For Those Charged With a Crime
Criminal Defense if Charged with Unlawful Restraint
Defending Your Rights Against Unlawful Charges
Considered a criminal offense that typically carries with it a lesser penalty than the punishment handed down for a kidnapping conviction, an unlawful restraint conviction still requires a vigorous defense only a seasoned criminal defense attorney can provide. Texas licensed criminal defense lawyer Adam Capetillo will work with you to find out which of the possible defenses for an unlawful restraint charge works best for your unique case.
Prosecutors often pursue an unlawful restraint charge when there is not enough evidence to support the criminal charge of kidnapping. Kidnapping is the criminal act of intentionally abducting a victim, while unlawful restraint refers to knowingly restraining a victim. Although considered the lesser criminal offense, facing an unlawful restraint charge can trigger a felony conviction.
How the Texas Penal Code Defines Unlawful Restraint
The key to understanding the charge of unlawful restraint involves knowing how the Texas Penal Code defines the word restrain. According to Section 20.01(1) of the Texas Penal Code, restrain means “to restrict a person’s movements without consent, so as to interfere substantially with the person’s liberty, by moving the person from one place to another or by confining the person.” Restraint without the consent of an alleged victim is accomplished under Texas criminal law by using force, intimidation, and/or deception.
Penalties for an Unlawful Restraint Conviction
Under Texas criminal law, the punishment for an unlawful restraint conviction usually results in a Class A misdemeanor that carries with it a jail term of up to one year and/or a fine of no more than $4,000. An unlawful restraint conviction ramps up the penalty to a state jail felony if the defendant restrained a child younger than 17 years old.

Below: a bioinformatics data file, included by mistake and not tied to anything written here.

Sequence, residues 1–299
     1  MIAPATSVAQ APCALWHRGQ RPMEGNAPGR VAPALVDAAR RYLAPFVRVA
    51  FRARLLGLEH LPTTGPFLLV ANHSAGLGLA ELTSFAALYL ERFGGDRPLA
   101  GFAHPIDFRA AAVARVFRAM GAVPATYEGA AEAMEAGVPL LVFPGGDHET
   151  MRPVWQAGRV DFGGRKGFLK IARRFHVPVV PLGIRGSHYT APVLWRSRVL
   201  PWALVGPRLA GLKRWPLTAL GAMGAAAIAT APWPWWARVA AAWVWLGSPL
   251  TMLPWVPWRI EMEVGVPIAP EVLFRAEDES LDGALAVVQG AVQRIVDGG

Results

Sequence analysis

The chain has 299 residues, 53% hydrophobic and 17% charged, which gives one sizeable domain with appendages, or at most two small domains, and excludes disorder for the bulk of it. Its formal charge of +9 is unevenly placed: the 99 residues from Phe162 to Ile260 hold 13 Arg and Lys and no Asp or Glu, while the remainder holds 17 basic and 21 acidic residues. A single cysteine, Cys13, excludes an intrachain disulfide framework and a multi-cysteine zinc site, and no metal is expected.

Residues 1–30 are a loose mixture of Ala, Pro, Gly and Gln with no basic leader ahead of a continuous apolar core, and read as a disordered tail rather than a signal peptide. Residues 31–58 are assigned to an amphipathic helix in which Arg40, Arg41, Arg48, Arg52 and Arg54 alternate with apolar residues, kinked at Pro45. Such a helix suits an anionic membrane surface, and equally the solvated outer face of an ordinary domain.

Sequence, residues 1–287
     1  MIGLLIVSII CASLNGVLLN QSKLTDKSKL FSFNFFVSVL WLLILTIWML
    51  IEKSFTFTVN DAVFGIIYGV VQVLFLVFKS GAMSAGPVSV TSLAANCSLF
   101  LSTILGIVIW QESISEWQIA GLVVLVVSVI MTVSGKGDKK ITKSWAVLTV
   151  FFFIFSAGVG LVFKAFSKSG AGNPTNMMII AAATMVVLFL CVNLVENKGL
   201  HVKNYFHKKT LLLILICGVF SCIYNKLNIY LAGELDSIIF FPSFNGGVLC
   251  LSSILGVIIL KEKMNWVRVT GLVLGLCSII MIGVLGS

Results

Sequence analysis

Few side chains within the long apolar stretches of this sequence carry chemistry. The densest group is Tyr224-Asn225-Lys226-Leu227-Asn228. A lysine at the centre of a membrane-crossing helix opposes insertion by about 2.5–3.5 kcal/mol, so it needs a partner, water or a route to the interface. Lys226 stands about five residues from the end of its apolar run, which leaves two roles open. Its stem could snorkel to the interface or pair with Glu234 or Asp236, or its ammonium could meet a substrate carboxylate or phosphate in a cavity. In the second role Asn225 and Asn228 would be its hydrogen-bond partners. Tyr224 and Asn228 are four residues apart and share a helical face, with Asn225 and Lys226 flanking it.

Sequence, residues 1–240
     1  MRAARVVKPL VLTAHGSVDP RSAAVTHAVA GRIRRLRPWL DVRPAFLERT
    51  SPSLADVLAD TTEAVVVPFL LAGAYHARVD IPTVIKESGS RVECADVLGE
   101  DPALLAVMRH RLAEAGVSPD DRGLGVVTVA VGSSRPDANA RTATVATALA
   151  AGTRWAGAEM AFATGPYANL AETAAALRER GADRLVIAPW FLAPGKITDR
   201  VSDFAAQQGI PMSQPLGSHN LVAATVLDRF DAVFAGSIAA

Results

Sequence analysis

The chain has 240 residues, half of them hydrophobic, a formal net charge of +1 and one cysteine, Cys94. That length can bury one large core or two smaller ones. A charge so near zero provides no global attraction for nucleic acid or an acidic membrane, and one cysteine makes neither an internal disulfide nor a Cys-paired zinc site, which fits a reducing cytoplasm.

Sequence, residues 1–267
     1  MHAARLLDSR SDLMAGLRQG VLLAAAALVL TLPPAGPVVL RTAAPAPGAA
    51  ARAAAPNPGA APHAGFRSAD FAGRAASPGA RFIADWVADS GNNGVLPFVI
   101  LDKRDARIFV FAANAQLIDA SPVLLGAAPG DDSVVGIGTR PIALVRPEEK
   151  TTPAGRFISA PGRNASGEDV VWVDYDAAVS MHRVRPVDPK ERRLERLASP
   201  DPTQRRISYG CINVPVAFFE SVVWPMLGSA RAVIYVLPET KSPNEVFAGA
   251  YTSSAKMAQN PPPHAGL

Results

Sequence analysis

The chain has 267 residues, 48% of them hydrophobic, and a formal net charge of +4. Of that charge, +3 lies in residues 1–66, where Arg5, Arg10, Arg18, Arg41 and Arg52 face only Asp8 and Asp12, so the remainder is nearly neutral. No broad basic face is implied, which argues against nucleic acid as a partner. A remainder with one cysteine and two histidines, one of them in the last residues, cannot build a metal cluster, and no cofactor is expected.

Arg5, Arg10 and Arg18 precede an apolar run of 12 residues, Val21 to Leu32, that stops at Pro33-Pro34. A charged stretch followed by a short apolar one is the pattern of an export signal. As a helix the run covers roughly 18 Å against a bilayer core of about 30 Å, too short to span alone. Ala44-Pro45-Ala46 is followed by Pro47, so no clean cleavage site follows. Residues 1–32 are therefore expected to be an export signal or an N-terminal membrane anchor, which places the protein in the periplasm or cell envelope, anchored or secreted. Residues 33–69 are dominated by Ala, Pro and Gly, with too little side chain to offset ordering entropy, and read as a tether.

Occasionally, the State of Texas will seek a third-degree felony conviction for an unlawful restraint charge, which can lead to a prison sentence up to 10 years, and/or a fine not to exceed $10,000. A third-degree felony conviction for unlawful restraint requires prosecutors to prove the defendant seriously injured the victim. Any unlawful restraint charge for restraining a public official can also trigger a third-degree felony conviction.
How to Defend a Charge of Unlawful Restraint
Successfully defending an unlawful restraint charge requires the legal expertise of an experienced criminal defense attorney who knows exactly what type of defense to use for exonerating a client of all charges. The first defense to consider is called affirmative defense.
Using the Affirmative Defense
Texas criminal law allows for the affirmative defense for unlawful restraint under three legal conditions. First, the affirmative defense works in cases that involved the restraint of a child younger than 14 years of age. The defendant has to be a relative of the child under 14 years old and the defendant’s only intent was to take lawful control of the child. We can use the affirmative defense in cases that involved the restraint of a child between 14 and 17 years old if the defendant did not use force, intimidation, and/or deception to restrain the child.
Beyond a Reasonable Doubt
All criminal cases require the guilty verdicts to be delivered “Beyond a reasonable doubt.” This means every juror hearing a case involving an unlawful restraint charge must believe the defendant is guilty beyond all reasonable doubt. One of the most effective ways to plant the seed of reasonable doubt into the minds of the jury is to present evidence that contradicts the evidence presented by the prosecution. We can also plant the seed of doubt by proving at least parts of the testimony given by an eyewitness is not true.
Lack of Evidence
Proving an unlawful restraint charge is difficult to do if there is insufficient evidence to back the claims made by the prosecution. Criminal defense lawyer Adam Capetillo and his team will work hard to challenge every piece of evidence introduced by the prosecution team. When appropriate, we will contest the validity of physical evidence, as well as ask the Judge to exclude evidence we believe is not worthy of consideration.
As the legal backbone of the United States, the Constitution includes several rights that are granted to defendants in criminal cases. One right is covered by the 4th Amendment, which prohibits invalid searches and seizures. A valid search warrant issued by a judge is the only way a law enforcement agency can enter your home or apartment to collect evidence. You are also given the right to an attorney and you have the right not to incriminate yourself. Any proven violations of the United States Constitution should prompt the judge to exclude evidence which may lead to dismissal of the charges of unlawful restraint.
If you face the criminal charge of unlawful restraint, you cannot afford to place your future in the hands of an inexperienced attorney. Not only are the legal consequences serious for an unlawful restraint conviction, but you can also expect to have difficulty securing gainful employment because of your criminal record. Schedule a free initial consultation today with criminal defense lawyer Adam Capetillo to determine the best course of legal action.
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